Motel Neon Fauna Leather
“Pinned Butterfly” the opening track and first single from Neon Fauna’s second full-length album Leather motel set the energetic mood right away with this experimental album. When I say experimental, it’s not just about the genre in the rock/punk sense, but also experimental in the way it’s produced.
The band had written almost the entire album before March 2020 – Covid-nation. When hopes of getting into a studio to record in April of that year were dashed by the lockout, they came up with an idea to continue recording, but in a more remote way. After some experimentation, each band member decided to record their entire album separately, each in their own DIY home studio. “This ‘guerrilla-style’ approach and lack of professional equipment or a producer gave the album its raw and unorthodox sound,” the band said.
I would recommend playing this album on your headphones… it’s intense. The amount of layers in each song, from each instrument and the mixed experimental sounds makes it almost hard to believe that it was made by five musicians in five different places, all at different times, then put together. A work of art that came out of such a terrible time in recent history.
“Chemical Spill” makes me want to go to a play. It keeps that energetic feeling going. Good luck listening to this album sitting or standing.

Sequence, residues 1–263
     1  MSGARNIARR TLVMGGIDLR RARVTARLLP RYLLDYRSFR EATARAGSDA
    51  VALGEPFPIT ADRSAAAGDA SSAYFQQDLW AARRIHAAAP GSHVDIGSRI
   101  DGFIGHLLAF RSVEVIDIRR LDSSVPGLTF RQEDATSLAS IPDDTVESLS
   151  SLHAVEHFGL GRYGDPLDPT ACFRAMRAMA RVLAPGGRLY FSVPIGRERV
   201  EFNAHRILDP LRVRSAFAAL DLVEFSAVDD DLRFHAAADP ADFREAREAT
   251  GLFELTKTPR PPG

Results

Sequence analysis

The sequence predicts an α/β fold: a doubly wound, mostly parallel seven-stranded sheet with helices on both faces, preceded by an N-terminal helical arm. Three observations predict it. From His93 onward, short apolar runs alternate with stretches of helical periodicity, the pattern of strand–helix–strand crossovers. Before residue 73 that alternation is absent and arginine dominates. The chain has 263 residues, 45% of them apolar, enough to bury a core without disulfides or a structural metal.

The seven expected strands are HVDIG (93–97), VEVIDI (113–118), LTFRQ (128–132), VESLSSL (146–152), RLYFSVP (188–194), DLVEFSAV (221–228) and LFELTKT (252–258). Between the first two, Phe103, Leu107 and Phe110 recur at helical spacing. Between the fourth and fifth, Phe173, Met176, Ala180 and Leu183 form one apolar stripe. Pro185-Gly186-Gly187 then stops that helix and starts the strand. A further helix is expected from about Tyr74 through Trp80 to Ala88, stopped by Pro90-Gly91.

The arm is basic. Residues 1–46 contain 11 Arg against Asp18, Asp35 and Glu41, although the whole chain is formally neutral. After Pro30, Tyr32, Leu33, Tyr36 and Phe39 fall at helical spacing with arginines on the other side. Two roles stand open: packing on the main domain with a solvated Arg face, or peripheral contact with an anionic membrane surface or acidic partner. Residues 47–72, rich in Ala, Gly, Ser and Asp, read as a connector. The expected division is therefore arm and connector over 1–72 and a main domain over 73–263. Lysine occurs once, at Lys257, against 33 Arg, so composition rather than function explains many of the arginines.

I’m a huge fan of all poetic song titles, but “Moth Goth” got me. I want to adopt a cat with black eyes and a gray and white body and name him Moth Goth. This track has an electric, hair-raising feel to it. I imagine that moth dancing on dust-filled pulsating light trails, flapping its wings to the beat of the track. Ignite my new obsession / One way flight / New blind sailing / I lean on your light.
“Drippy Rainbow” feels like it should be an anthem song. You’re giving me zero / I know the answers / I think I’m just a dripping rainbow / With many heroes / Yes you made that metal / Now bow to your god / And every new pulse it takes is / a man-made disaster / give zero.
Psychedelic influences are very distinct throughout. Each song has its own visuals that are projected by whatever device you’re listening to. “Pigeon Kill” reminds me of a song that should be in a triangular horror movie where the soundtrack is better than the movie, but there are still some notable scenes.
Otherworldly visages in “Candy Shell”. At 02:05, that guitar solo got me thinking. The insane amount of sound layers in this one is creatively executed. It’s like… “it’s like a jack being dragged up the guitar strings; it’s that rain hitting a metal roof; is that part of the Twin Peaks intro on that last note?” The imagination runs wild on this track.
You can hear the colors in Bleach on the Reef, like a kaleidoscope. It is also the longest track on the album at 6:23 minutes. It’s a continuous, psychedelic adventure. The title and closing track, “Leather Motel” is a perfect way to close out this masterful album. You can hear singer/songwriter Tony DeNucce’s vocals more clearly, standing out from the other instruments.
Their mission statement for the album is “Leather Motel’s music lives on as a testament to artistry and its healing power, even in the darkest of times.”
Leather motel available on CD and download at neonfauna.com. You can catch them live on Friday, October 28 at 8pm at Hutghi’s At The Nook, 8 Franklin St., Westfield.